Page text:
St. Louis Heights High hosted their first ever 5K to support Relay For Life of UH Manoa! Way to save the day St. Louis! See them at Facebook
Student Government Association of Guam High hosted “SAVE IT OR SHAVE IT” fundraiser as part of No Shave November. Students convinced their adviser, Mr. Leon Guerrero to consider shaving his “very thick beard” if they met a $400 fundraising goal. They placed two jars that students could donate into, one to save the beard, the other to shave it. The jar with the most donations determined the outcome. Save it or Shave it. The students exceeded their goal and Mr. Guerrero was ready to shave his beard, but not before two other faculty members volunteered to have their heads shaved if the students could raise $1500. Not only did the two additional staff shave their heads (and Mr. Leon Guerrero, his beard), but the students exceeded their goal, raising a total of $2019. What a way to shave.
Saving for the future in a meaningful way. Special thanks go out to Hawaiian Legacy Hardwoods for their partnership. The Hawaiian Legacy Reforestation Initiative is planting a native forest on Hawai’i Island. Located on the slopes of Mauna Kea, this historic site was once a majestic koa forest and the personal property of King Kamehameha I, the 1st King of Hawai’i. Today HLH is planting trees for anyone who wants to purchase a legacy hardwood. Anyone who purchases a tree can designate a portion of the proceeds to a charity of their choice. In 2014, HLH donated over $600 back to ACS. That represents over 30 koa wood trees planted. Thanks Hawaiian Legacy Hardwoods! Plant a tree now.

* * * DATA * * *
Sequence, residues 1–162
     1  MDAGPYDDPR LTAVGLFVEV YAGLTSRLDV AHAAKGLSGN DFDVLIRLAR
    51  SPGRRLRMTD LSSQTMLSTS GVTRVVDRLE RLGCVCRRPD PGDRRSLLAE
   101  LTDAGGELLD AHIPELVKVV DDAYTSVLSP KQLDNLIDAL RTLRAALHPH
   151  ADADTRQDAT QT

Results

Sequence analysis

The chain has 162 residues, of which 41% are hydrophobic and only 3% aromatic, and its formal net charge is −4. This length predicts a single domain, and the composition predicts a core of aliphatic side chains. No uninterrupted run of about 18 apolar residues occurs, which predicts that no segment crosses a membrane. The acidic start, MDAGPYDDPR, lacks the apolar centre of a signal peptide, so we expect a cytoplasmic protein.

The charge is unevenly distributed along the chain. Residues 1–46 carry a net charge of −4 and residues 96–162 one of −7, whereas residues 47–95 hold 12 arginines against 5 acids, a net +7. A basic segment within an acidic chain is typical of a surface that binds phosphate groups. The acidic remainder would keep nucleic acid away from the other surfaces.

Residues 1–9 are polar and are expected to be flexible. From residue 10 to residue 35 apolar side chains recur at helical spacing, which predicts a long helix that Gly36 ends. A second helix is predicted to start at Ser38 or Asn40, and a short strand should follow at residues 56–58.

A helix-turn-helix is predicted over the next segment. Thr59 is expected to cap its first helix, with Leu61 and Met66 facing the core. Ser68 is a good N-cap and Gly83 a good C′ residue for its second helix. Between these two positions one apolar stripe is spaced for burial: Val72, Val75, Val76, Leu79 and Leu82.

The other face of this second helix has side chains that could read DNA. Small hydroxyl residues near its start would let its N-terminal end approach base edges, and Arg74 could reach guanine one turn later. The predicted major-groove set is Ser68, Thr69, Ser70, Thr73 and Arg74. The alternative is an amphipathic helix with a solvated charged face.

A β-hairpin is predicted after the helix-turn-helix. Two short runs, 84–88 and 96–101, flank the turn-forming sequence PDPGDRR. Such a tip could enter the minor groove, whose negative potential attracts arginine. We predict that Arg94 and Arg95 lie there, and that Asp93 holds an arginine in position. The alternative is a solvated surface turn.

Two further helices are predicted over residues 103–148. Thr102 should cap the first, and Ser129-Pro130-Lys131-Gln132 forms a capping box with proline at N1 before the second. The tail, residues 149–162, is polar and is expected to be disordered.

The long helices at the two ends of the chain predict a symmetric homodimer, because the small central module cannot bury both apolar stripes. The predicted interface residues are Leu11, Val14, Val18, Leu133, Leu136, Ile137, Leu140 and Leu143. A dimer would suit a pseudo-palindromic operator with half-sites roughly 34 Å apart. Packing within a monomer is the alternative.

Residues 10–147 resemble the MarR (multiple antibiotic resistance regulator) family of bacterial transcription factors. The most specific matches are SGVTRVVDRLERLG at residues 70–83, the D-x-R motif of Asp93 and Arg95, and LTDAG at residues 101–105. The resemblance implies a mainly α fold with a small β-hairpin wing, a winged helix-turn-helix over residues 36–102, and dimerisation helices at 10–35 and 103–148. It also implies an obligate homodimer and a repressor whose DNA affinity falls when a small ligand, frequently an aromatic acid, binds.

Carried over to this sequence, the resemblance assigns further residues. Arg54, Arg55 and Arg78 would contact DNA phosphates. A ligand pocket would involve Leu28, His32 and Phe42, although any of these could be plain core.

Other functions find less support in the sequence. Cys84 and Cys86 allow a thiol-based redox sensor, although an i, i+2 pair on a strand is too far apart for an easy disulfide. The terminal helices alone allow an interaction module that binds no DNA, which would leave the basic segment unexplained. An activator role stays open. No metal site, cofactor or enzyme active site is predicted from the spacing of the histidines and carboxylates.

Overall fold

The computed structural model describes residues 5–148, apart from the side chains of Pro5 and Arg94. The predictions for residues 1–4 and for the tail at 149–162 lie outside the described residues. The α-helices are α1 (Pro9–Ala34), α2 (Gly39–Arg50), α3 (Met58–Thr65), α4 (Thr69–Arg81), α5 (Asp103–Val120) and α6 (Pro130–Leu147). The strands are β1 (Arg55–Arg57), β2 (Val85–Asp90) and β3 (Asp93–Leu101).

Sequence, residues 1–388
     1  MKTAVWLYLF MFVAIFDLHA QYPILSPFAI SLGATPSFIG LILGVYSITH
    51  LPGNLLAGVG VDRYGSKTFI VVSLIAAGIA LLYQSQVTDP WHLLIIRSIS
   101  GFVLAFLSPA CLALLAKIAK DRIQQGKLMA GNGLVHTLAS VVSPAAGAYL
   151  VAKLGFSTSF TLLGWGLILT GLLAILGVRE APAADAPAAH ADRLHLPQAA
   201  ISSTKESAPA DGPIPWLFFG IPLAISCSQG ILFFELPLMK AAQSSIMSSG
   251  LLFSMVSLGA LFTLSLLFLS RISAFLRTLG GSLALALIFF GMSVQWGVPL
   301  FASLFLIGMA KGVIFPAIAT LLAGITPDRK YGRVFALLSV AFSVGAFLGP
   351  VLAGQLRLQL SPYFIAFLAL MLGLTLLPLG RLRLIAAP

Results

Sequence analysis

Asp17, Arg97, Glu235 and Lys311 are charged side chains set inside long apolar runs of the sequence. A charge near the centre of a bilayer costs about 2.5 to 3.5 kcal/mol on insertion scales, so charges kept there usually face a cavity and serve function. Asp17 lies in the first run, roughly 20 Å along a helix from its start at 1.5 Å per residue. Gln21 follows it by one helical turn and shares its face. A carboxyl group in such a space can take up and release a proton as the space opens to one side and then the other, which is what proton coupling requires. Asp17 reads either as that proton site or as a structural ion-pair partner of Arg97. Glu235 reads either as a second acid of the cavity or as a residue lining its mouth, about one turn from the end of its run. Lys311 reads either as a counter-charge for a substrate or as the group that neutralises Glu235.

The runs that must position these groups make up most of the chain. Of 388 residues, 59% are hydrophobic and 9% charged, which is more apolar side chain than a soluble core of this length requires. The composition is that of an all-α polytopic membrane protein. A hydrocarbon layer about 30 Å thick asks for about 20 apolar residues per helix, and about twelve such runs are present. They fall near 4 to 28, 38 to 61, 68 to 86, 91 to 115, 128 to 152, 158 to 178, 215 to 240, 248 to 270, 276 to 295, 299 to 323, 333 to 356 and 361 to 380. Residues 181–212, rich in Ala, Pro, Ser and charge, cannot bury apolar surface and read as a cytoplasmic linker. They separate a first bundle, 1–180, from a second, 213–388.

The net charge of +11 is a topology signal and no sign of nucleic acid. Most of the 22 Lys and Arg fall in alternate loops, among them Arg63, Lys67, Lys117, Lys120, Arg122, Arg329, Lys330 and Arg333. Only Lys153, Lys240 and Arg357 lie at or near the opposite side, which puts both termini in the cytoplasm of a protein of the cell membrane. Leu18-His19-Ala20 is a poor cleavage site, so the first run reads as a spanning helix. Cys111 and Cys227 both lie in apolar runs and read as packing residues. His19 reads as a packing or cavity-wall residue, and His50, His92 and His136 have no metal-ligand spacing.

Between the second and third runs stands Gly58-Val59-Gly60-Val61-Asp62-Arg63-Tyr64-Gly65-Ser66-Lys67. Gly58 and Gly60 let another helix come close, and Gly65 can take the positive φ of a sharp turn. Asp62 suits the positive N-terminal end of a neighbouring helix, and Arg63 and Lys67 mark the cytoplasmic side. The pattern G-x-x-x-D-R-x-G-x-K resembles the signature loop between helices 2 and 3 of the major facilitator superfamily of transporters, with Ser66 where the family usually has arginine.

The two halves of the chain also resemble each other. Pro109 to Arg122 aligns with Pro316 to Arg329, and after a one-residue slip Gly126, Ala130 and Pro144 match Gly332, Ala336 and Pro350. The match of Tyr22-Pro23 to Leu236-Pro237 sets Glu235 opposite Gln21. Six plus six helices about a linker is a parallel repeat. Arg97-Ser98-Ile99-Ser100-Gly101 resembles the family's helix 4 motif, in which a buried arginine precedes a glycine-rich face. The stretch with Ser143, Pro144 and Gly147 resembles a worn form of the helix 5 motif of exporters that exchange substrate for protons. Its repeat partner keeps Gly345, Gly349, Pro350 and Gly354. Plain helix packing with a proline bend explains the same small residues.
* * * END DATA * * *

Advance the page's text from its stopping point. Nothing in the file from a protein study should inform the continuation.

Saving Lives in National News
The rate at which people are diagnosed with colon cancer in the US has dropped 30% in the last 10 years for those aged 50 years and older, according to a new report from the American Cancer Society. Researchers credit the drop to more people gettingrecommended screening tests. Screening is the process of looking for cancer or pre-cancer in people who have no symptoms of the disease. Death rates from colon cancer have also declined rapidly within the last decade. The report says even more deaths could be avoided if everyone got their screening tests on time.
“These continuing drops in incidence and mortality show the lifesaving potential of colon cancer screening; a potential that an estimated 20 million of Americans over 50, who have never been screened, have not benefitted from,” said Richard C. Wender, MD, American Cancer Society chief cancer control officer, in a statement. “Continuing this hopeful trend will require concrete efforts to make sure all patients, particularly those who are economically disenfranchised, have access to screening and to the best care available.”